5 predictions you won't see elsewhere
Expect financials and materials to do well in 2012.
By Alex Dumortier
As a forecaster on The Good Judgment Project, I compete in estimating the probabilities of political and economic events for the Intelligence Advanced Research Projects Agency. One of the lessons I've (re)learned is that "it is exceedingly difficult to make predictions, particularly about the future," to quote physicist Niels Bohr.
That gives no pause to financiers, pundits, and experts of all stripes who are always willing, around this time, to offer their predictions for the following year. I won't be left out; here are mine.
U.S. GDP growth will come in below 2%.
In November, the Federal Reserve Board members and Federal Reserve Bank presidents revised their growth projections downward to a "central tendency" of 2.5% to 2.9% and a range of 2.3% to 3.5%. Those estimates look generous to me: Since 1930, average annualized GDP growth is 3.3%; in the post-war era it's 2.9%. With those figures in mind and given the current environment, 2% growth next year would be a good result.
Accelerating growth is typical for an exit from an economic slump, but the height to which a coiled spring bounces back is a function of the degree to which it has been compressed. The Fed took the bite out of the downturn; by symmetry, expect the recovery to remain muted -- particularly so in a climate of extreme uncertainty.
Corporate earnings growth will slow sharply; earnings may even shrink. The S&P 500 will miss its 2012 EPS forecast ($99).
If analysts' estimates of 2012 earnings hold, the S&P 500's earnings per share in 2012 will be just shy of $99, for a 10-year annualized growth rate of 13.6%. Assume 3.5% inflation for next year and the companies in the S&P 500 will have increased their earnings at an average rate of nearly 10% over a 10-year stretch on an inflation-adjusted basis (9.7%, to be precise). You need to go back to the decade ending in 1956 to find a similar period over which real earnings grew that fast. During the following year, 1957, earnings fell by 4% on a real basis. During the following decade, the annualized earnings growth rate fell by two-thirds to 3.2%.
Hang on, weren't earnings depressed 10 years ago as the economy absorbed the twin impacts of the technology bubble meltdown and the 9/11 attacks? Wouldn't that skew upward any growth figures from that point forward? No question about it: 2001-2002 was a trough period for corporate earnings. But so was 1932, surely: Earnings had fallen by two-thirds, inflation-adjusted, from their 1929 peak. Despite this, from 1933 through 1942, companies managed to grow earnings at "only" 7% on a real basis. Ten percent -- the current rate -- is a stratospheric growth rate that will not hold much longer. The timing and magnitude of the slowdown cannot be known with any precision, but it will occur -- count on it.
Volatility will remain high.
I'm hardly going out on a limb with this prediction. Part of what you are being paid for when you hold stocks is your capacity to endure price risk. That capacity was certainly tested this year. During the summer, the VIX index -- which measures option traders' expectations regarding future stock price volatility -- reached levels it had not achieved since, well, since the previous summer.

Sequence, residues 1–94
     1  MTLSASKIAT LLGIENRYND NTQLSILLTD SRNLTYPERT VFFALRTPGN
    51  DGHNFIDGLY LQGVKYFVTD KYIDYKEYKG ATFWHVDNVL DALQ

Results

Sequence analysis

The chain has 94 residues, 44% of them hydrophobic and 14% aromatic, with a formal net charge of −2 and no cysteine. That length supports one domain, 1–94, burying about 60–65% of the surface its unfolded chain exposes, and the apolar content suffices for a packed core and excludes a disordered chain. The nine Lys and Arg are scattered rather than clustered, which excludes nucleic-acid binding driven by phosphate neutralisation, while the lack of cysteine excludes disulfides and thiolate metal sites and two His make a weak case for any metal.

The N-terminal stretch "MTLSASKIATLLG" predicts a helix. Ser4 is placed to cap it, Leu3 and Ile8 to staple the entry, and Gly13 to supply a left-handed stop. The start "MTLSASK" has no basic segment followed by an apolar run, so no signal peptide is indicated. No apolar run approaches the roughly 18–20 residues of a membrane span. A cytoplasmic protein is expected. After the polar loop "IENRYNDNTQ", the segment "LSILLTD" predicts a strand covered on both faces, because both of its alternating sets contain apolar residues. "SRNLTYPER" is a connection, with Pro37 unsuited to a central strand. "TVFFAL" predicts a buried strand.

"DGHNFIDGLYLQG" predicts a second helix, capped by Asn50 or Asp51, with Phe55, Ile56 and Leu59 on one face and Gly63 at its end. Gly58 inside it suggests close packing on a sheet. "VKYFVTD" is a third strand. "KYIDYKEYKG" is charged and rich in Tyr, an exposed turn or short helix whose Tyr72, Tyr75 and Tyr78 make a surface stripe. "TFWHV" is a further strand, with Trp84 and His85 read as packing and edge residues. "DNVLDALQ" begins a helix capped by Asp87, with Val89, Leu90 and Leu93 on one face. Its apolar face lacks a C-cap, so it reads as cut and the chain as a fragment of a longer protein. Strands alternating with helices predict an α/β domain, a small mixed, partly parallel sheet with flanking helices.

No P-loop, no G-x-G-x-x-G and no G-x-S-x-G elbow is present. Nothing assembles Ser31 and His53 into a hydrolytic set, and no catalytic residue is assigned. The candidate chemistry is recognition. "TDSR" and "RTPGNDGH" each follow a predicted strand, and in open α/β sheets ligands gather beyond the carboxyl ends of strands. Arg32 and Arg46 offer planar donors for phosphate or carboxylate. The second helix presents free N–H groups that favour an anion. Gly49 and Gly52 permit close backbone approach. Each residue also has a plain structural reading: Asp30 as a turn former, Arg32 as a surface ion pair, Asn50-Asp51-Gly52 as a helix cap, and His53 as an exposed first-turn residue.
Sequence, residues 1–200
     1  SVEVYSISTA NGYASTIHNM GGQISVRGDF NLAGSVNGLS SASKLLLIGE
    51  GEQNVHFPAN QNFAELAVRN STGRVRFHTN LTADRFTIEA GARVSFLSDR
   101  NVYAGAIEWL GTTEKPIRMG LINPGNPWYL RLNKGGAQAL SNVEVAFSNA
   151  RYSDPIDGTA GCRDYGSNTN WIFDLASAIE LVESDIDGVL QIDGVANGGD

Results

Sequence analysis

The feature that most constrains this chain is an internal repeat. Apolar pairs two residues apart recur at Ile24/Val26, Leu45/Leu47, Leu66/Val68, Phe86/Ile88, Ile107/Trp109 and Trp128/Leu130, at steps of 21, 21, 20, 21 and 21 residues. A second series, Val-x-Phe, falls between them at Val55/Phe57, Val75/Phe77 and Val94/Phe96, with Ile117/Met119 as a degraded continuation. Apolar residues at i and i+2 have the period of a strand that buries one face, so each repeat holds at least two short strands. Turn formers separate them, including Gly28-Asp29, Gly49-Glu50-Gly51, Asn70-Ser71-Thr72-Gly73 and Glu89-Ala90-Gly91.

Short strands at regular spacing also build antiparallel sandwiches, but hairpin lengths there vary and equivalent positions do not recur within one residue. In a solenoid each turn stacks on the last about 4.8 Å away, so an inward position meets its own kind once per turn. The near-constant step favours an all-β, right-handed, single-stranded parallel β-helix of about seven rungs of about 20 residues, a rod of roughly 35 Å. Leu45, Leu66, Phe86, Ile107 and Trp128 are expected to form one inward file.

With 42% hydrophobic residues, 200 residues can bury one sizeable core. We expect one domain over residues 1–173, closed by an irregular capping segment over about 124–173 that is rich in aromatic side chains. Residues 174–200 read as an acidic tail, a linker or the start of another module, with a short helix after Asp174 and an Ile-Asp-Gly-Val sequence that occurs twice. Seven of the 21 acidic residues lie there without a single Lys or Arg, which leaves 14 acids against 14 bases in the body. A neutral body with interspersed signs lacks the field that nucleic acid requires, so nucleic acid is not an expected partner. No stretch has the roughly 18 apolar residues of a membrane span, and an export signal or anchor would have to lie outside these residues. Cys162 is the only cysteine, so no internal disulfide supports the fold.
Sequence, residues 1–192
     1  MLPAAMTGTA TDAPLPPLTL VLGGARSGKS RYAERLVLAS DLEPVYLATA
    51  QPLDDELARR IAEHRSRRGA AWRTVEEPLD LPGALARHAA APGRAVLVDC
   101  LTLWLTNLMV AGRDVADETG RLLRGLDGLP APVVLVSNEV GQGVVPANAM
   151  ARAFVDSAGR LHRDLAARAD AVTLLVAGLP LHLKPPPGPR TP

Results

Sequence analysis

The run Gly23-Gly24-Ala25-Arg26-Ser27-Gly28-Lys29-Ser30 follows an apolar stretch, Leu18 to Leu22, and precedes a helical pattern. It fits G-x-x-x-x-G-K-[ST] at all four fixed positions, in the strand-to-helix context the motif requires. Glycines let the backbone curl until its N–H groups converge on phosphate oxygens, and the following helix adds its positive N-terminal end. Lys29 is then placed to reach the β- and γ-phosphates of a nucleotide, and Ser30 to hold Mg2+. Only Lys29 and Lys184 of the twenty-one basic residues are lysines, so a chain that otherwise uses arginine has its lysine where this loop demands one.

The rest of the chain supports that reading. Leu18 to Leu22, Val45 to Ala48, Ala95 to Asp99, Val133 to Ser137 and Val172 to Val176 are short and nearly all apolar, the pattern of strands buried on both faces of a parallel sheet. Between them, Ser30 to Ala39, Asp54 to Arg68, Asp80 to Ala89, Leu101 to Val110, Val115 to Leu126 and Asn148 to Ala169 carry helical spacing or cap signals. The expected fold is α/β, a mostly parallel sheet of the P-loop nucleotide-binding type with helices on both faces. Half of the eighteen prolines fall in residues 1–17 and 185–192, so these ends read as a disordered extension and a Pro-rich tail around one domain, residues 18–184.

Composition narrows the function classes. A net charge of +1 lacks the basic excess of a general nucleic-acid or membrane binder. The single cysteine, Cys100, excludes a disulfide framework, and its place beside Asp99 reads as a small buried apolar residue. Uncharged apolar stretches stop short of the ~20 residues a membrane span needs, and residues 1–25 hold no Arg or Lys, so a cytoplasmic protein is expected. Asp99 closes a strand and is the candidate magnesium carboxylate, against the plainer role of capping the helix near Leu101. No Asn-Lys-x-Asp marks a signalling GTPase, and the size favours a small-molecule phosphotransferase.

There is an embarrassment of risks out there, of which the European sovereign debt crisis is currently the most high-profile, keeping markets focused on macroeconomic factors. Expect the VIX to break 35 again this year and the risk on/risk off schizophrenia to remain a fixture in risk asset markets.
My picks for the three best-performing stocks in the Dow index: Bank of America (BAC), Alcoa (AA), and Hewlett-Packard (HPQ).
Financials (B of A) and materials (Alcoa) were the worst-performing sectors in the S&P 500 -- by a considerable margin. Given the current sector valuations (2012 estimate P/E for materials: 11.4, financials: 9.7), it wouldn't be surprising if cyclical companies had their day in the sun in 2012. As for HP, when a business has healthy underlying fundamentals and investors revile the stock for reasons the company can address -- that's the time to buy in, then bide your time.
My picks for the three worst-performing stocks in the Dow index: Home Depot (HD), Kraft Foods (KFT), and McDonald's.
Stocks that outperformed in 2011 and over the past three- and five-year periods, and that are now priced at a healthy premium to the index, will perform poorly on a relative basis -- even a consumer-staple stock like Kraft.
Note: Trying to pick winners and losers over a one-year time frame is like a potluck, and that's the spirit in which you should read these predictions. Do your own due diligence whenever you put any money at risk.
It's your turn
If you disagree with my predictions, tell me why in the comments section below and/or give me your alternative prediction.
Fool contributor Alex Dumortier holds no position in any company mentioned. The Motley Fool owns shares of Bank of America. Motley Fool newsletter services have recommended buying shares of The Home Depot and McDonald's. Try any of our Foolish newsletter services free for 30 days. We Fools may not all hold the same opinions, but we all believe that considering a diverse range of insights makes us better investors. The Motley Fool has a disclosure policy.
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Shares of Plug Power took a beating Tuesday after an analyst listed the fair value of the stock at 50 cents.
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